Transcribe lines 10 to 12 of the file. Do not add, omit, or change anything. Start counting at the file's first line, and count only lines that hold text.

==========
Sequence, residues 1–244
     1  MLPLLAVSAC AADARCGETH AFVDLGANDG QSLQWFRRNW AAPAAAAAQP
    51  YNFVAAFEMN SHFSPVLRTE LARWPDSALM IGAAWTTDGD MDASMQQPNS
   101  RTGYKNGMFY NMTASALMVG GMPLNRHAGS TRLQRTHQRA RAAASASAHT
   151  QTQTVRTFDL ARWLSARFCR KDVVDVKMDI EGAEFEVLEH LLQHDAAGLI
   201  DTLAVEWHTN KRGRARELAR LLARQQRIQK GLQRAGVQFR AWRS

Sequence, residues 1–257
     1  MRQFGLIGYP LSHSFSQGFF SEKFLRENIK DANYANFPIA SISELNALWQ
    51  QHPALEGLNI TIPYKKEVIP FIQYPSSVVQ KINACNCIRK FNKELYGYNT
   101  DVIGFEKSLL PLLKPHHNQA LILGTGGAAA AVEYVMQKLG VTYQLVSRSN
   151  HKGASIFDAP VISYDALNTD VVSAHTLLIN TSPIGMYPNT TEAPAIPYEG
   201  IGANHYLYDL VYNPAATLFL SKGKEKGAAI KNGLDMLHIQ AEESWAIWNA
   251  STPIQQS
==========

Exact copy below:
   101  DVIGFEKSLL PLLKPHHNQA LILGTGGAAA AVEYVMQKLG VTYQLVSRSN
   151  HKGASIFDAP VISYDALNTD VVSAHTLLIN TSPIGMYPNT TEAPAIPYEG
   201  IGANHYLYDL VYNPAATLFL SKGKEKGAAI KNGLDMLHIQ AEESWAIWNA